Review: Tuai: A Traveller in Two Worlds

Review: Tuai: A Traveller in Two Worlds
Alison Jones, Kuni Kaa Jenkins

Bridget Williams Books, July 2017, 228 pp.
ISBN: 9780947518806
Pb: $NZ 39.99;  Ebook: $NZ 20.00;  UK Kindle edition: £13.14

Reviewer Lyall Hakaraia

Tuai: A Traveller in Two Worlds traces the extraordinary story of one of the first Maori travellers to Europe. The Nagare Raumati chief Tuai (1797-1824) was a man of great shrewdness, intellect and learning who found himself by fate and design at the crux of historical events witnessing the start of the troubled relationship between Maori peoples of New Zealand and the colonial English missionary and settlers.

Alison Jones and Kuni Kaa Jenkins have meticulously pieced together the story of Tuai using detailed first-hand witnessed accounts of his interactions with Europeans over the course of his lifetime. The authors further interpret his actions through their intriguing overlaying of physiological supposition in accordance with Tuai’s rank, circumstance, and beliefs.  Context and insights are added to the story by the inclusion of contemporary historical details to show the colourful and complex cultures of the European and Maori of this period.  The resulting mix allows for the telling of a fascinating story that follows Tuai from his youth of priviledge and duty as a young Rangatira to his mutually beneficial interactions with Pakeha that lead him to undertake epic journeys to Australia and England. On his return his experience gives him a deeper understanding of the emerging threat the European represent to his people’s lives, culture and sovereignty.

This is no dry historical account. Instead of re-telling an accurately linear trail of events, the work is transformed and given a freshness by the revelation of telling details about the  Maori and European cultures of the time – examples such as the distinctly un-English custom of extreme public mourning by the Maori people that could result in bereaved relatives ending their own lives by hanging themselves in desolation, or with related or indentured women of the deceased cutting themselves across their chests as a visceral mark of their grief. These practices were in stark contrast to the lack of public emotion that would be shown at an Englishman’s funeral, a steely endeavour to control the emotions seen as a mark of respect to the deceased and their family.  The contradictory responses by the English to the Maori visitors in England also revealed class prejudice and racism. Though they were shown courtly courtesy because of their noble birth they were at the same time lampooned in the popular press and portrayed as inferior savages as seen in the apocryphal description of Titere’s wedding and supposed bride and her position as ‘Lady High Admiral of the Canoe Fleet and the Right Honble the Corner Dish of the Cannibals’.  These colourful glimpses beyond the main story help to give further context to the underlying currents of feeling and politics that resulted in the clash of these worlds, so setting the scene for a more expansive understanding of the book’s historical events.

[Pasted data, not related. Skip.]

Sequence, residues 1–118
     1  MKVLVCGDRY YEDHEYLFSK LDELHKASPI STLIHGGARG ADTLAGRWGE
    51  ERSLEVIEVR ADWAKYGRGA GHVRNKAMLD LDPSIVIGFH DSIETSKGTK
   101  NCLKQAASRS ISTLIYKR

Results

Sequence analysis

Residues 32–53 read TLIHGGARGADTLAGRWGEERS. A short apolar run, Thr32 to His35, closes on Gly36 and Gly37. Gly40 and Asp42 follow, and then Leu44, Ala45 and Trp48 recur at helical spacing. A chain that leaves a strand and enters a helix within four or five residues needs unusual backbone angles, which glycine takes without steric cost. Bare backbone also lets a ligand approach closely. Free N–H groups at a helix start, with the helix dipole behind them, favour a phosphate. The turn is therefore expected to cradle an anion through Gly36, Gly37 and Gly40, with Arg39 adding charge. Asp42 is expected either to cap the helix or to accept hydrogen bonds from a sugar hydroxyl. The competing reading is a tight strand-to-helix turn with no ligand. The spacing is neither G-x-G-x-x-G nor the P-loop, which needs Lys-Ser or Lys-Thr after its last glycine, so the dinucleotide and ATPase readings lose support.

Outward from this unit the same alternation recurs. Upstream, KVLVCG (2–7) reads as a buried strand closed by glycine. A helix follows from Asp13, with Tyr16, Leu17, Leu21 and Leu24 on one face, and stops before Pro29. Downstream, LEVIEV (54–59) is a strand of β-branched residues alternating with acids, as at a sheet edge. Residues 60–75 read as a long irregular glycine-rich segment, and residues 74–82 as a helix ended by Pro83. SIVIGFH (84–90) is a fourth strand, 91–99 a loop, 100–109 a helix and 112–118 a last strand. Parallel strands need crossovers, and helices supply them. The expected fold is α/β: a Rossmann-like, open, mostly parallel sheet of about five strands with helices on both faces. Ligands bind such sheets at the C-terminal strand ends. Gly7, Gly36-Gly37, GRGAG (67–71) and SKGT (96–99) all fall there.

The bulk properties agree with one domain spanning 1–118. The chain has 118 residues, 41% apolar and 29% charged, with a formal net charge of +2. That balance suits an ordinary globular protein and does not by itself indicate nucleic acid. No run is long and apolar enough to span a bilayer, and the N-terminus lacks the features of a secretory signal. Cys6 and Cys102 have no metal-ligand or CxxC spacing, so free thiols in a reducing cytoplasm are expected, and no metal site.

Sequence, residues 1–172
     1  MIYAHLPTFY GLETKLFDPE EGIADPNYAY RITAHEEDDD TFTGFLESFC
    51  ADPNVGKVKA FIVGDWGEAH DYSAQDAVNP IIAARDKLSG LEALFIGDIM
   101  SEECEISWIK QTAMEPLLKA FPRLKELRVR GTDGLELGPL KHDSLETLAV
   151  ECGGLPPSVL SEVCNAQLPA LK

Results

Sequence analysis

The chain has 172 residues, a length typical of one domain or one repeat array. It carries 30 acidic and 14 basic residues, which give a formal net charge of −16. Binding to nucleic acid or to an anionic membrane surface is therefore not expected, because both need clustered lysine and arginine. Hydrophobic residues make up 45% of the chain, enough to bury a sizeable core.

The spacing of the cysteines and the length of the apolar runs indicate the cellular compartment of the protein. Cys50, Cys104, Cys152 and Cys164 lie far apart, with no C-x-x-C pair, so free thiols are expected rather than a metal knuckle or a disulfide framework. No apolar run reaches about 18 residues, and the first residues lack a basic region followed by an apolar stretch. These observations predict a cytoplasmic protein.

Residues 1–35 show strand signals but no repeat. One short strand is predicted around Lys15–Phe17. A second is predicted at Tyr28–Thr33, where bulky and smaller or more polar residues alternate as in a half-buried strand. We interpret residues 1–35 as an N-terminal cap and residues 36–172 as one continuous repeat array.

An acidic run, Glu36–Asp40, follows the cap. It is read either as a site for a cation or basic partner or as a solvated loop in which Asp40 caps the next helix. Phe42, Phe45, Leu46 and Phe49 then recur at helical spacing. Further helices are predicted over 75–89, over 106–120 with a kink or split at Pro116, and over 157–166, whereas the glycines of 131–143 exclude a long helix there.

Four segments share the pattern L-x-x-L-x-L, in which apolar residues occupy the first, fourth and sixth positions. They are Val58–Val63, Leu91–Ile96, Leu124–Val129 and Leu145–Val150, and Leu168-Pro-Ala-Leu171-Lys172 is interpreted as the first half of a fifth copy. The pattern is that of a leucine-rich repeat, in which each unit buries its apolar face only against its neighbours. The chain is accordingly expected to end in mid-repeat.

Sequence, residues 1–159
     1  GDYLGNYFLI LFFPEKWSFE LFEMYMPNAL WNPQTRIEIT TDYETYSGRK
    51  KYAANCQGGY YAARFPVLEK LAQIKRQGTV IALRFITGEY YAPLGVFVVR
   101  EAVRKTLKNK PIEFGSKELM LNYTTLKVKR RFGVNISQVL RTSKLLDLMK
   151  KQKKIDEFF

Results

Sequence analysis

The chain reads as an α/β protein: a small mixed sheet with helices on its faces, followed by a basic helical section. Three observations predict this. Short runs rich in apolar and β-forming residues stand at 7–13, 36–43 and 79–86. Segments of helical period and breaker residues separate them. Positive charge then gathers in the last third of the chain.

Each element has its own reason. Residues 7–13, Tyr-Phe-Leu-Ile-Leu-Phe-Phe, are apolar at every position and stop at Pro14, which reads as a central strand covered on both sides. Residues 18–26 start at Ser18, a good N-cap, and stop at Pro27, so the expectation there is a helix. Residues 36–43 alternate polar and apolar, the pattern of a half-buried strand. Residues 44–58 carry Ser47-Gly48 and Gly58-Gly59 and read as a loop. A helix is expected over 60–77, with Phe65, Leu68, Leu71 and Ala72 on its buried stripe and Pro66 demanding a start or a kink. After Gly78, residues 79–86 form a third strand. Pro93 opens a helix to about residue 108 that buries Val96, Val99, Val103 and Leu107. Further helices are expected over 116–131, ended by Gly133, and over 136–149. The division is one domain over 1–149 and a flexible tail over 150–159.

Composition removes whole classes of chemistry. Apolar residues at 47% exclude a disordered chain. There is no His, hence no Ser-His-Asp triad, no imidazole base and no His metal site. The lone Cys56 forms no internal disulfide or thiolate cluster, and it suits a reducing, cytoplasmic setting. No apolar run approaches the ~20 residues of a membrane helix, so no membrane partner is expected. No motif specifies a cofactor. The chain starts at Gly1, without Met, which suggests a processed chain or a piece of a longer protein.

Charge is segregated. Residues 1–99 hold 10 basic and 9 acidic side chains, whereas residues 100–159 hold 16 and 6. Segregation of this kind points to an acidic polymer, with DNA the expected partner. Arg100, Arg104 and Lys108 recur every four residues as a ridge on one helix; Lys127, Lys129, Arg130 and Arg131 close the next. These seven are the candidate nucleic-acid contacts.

Tuai: A Traveller in Two Worlds also recounts the all-to-human story of betrayal and tragedy that lead not only to the downfall of Tuai and so in turn his hapu.  His initial youthful infatuation with the missionaries and their kindness lead to his benevolent acceptance of a new way of life which, with experience and insight, turns into suspicion and rejection as it becomes obvious the missionaries are only interested in their own gain on their own terms. This is, of course, the story revealed in many instances of ‘first contact’ with invading colonial powers promising mutual prosperity and peace but when their terms are not met resulting in the destruction and abuse of the lands and cultures of first-nation peoples across the world.

Reading this book has been a wonderful discovery for me as Kororareka is my home and my family have been in the Bay of Islands for many generations.  The landmarks mentioned are all familiar to me.  I will now look into both sides of my Maori-Pakeha family, my whakapapa and my family tree, to see what connection I have to the peoples in the book.  I now want to find out more about the history in the Bay of Islands, especially as the focus at the end of the book shifts from Paroa Bay and Kerikeri and on to my home of Kororareka.

I thank the writers for so diligently bringing together all this information and for revealing the story of Tuai and his people.  There will of course be discussion and dissection of the facts presented here.  But I would argue that it is better to have more than one voice retelling our history.

Tuai: A Traveller in Two Worlds is easy going and accessible to anyone who wants to learn about the interactions between the Maori and Europeans in the early 1800s with Tuai as a fabled central character who used his quick charm, courage and intellect to negotiate his changing world.

Lyall Hakaraia – London Magic Maker – is lately of the Kororareka and the Bay of Islands. He is a fashion designer, stylist and owner of Vogue Fabrics, the East London disco basement.

hapu = subtribe or clan
Rangatira = chief, male or female. When used collectively means leader of hapu